Rising monthly equivalent payments (EMIs) are giving many home loan borrowers sleepless nights. Indeed, the Reserve Bank of India (RBI) has raised the repo rate by 0.9% since May 4, 2022. Banks have also passed the entire rate hike on to customers, which has led to an increase in borrowing costs. A borrower who took out a home loan at 6.72% is now paying 7.62%, resulting in increased EMIs for home loans.
For people living on a tight budget, there might be more surprises in store as the three-day RBI Monetary Policy Committee (MPC) meeting is set to begin on August 3 with RBI Governor Shaktikanta Das and other MPC members present. With high inflation rates, experts say interest rates are set to rise further and could reach 35 to 50 basis points.
“Domestic liquidity has declined significantly over the past fortnight, averaging around 1 lakh crore (likely due to RBI’s intervention in the foreign exchange markets). Commodity prices have moved off the highs and crude is trading near $100. With the easing of supply issues, the upside risks to the CPI have eased somewhat. However, the US Fed has raised rates again by 75 basis points (with the likelihood of a similar hike at the next meeting) and is continuing its balance sheet reduction program. RBI said it was looking to move from neutral to positive real rates and given CPI estimates a 35-50 basis point rate hike in the policy ahead is likely, but with less hawkish commentary says Anand Nevatia, Fund Manager, Trust Mutual Funds.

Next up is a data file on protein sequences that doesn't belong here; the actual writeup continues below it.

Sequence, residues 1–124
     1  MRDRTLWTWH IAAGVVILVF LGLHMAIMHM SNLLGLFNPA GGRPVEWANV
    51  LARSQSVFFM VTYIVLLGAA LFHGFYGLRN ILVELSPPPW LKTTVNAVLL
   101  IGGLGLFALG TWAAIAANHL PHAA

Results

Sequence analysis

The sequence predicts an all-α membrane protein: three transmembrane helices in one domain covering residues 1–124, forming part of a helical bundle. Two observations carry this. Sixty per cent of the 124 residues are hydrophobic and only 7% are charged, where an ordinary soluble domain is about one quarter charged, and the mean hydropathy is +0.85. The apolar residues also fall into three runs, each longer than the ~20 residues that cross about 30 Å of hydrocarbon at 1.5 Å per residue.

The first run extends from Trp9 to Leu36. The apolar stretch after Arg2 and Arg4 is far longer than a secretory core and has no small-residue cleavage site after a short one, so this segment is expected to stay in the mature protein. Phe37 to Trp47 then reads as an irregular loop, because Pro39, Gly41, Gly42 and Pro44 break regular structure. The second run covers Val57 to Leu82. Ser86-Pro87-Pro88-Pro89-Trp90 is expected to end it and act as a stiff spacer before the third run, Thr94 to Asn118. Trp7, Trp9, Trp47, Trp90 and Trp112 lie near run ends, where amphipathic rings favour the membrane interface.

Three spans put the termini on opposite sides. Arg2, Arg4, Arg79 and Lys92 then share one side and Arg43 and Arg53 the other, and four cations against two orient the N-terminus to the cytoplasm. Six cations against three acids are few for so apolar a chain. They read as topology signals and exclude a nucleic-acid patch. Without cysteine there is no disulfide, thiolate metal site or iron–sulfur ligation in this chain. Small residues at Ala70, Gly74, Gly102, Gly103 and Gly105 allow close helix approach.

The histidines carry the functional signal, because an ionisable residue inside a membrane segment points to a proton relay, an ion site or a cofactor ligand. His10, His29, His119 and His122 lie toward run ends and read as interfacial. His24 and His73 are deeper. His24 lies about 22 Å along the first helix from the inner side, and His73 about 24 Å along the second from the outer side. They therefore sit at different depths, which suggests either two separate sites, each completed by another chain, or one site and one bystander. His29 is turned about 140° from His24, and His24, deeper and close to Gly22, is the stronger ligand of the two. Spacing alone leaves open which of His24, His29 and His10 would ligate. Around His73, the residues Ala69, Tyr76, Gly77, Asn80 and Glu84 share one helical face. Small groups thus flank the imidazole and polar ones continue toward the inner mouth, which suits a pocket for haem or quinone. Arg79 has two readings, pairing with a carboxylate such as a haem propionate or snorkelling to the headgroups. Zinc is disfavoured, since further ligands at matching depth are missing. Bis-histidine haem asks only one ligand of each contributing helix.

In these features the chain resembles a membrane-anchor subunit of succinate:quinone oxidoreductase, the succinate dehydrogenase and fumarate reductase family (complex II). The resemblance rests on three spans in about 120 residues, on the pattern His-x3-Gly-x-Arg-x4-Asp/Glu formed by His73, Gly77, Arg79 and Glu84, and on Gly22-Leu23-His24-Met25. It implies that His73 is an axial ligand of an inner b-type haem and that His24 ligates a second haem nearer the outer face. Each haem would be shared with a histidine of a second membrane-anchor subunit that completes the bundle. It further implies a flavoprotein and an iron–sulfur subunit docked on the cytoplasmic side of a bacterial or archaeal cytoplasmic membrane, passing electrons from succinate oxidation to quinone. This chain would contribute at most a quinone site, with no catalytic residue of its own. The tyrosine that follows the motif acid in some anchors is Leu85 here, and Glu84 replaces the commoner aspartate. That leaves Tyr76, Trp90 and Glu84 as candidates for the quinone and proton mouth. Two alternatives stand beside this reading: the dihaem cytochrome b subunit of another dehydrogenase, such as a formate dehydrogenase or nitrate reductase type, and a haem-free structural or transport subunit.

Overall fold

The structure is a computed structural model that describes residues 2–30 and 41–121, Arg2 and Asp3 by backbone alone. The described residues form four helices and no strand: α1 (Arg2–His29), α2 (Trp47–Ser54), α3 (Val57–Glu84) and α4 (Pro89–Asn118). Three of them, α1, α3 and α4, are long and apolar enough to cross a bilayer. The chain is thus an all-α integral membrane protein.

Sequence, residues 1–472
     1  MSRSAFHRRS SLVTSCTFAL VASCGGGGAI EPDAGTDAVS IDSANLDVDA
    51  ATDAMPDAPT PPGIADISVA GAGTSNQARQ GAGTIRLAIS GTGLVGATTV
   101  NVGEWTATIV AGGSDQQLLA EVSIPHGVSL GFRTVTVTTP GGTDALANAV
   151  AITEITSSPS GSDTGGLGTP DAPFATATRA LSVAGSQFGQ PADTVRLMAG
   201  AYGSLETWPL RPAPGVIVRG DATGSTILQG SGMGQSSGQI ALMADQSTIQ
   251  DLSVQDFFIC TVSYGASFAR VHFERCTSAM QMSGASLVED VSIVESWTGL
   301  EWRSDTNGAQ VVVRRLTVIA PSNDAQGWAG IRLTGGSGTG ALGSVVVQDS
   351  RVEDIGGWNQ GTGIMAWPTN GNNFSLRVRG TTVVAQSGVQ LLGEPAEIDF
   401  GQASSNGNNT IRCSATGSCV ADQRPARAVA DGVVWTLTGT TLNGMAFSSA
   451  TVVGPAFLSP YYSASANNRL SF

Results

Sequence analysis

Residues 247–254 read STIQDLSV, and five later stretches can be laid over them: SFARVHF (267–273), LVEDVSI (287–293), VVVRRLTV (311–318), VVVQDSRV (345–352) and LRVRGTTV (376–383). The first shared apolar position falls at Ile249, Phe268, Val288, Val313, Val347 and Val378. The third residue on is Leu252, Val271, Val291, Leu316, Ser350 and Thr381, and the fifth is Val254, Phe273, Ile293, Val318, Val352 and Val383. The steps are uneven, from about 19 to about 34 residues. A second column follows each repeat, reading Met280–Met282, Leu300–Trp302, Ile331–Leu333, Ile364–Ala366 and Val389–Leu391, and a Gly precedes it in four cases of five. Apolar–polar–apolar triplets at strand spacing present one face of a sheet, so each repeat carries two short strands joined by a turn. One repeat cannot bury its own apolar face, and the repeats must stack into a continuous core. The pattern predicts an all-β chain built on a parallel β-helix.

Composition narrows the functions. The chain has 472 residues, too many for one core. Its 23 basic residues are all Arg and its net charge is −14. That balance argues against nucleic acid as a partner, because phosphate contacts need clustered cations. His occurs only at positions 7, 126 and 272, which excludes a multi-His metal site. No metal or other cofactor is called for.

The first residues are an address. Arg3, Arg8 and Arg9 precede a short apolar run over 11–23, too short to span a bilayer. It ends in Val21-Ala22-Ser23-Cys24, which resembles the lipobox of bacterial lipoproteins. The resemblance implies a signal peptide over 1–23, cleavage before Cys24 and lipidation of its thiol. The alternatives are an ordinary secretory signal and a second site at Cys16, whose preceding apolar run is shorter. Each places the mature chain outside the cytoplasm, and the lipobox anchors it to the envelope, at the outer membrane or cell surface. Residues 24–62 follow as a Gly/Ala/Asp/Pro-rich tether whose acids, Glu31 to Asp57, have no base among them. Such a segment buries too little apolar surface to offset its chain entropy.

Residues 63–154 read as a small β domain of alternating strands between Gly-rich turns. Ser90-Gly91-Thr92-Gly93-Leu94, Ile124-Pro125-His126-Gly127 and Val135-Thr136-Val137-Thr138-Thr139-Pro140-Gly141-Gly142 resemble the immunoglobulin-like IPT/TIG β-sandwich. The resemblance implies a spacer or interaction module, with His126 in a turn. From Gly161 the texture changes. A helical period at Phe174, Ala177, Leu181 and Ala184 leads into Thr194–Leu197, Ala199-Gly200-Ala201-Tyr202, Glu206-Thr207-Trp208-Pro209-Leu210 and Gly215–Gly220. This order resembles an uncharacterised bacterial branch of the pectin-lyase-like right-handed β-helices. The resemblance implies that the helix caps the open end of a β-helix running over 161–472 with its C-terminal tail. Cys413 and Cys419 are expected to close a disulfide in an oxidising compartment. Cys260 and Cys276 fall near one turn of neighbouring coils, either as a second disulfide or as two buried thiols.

If the repo rate increases, it will lead to longer tenure or higher EMI for home loan borrowers. When the interest rate rises, the default option for banks is to increase the term of a loan so that the EMIs remain unchanged, but the number of years in payment increases proportionally.
For example, an existing home borrower, with an outstanding principal of Rs 50 lakh and a term of 20 years at 7.65% interest, could see the loan period extended by two years assuming the interest rate increases. from 0.50% to 8.15. Not only the burden of increased tenure, the borrower also bears the brunt of additional interest expense – Rs 10.14 lakh to be precise in this case.
Another option is to pay a higher EMI while adhering to the current repayment schedule. For this, you have to make a request to the lender because it is not a default option. For example, on a loan of Rs 50 lakh for a term of 20 years, one will have to pay a revised EMI of Rs 42,289 compared to the previous EMI of Rs 40,739, assuming interest rates increase by 50 basis points. But before you increase your EMI spending, make sure you don’t deplete all of your savings, as this could pinch you in the long run.
So which is better – higher EMIs or a longer tenure?
If you’re already living on a tight budget, it’s best to increase the term of the loan without hurting your savings and spending. If you have a surplus but still choose to increase the tenure duration, be sure to invest the surplus to generate higher returns. Why?
V. Swaminathan, Executive Chairman of loan distribution company Andromeda Loans, explains: “If a borrower chooses to increase the repayment term of a loan, they can save the extra amount and use it to repay another loan. or invest it for a higher loan. yield which will compensate for the increase in the interest expense.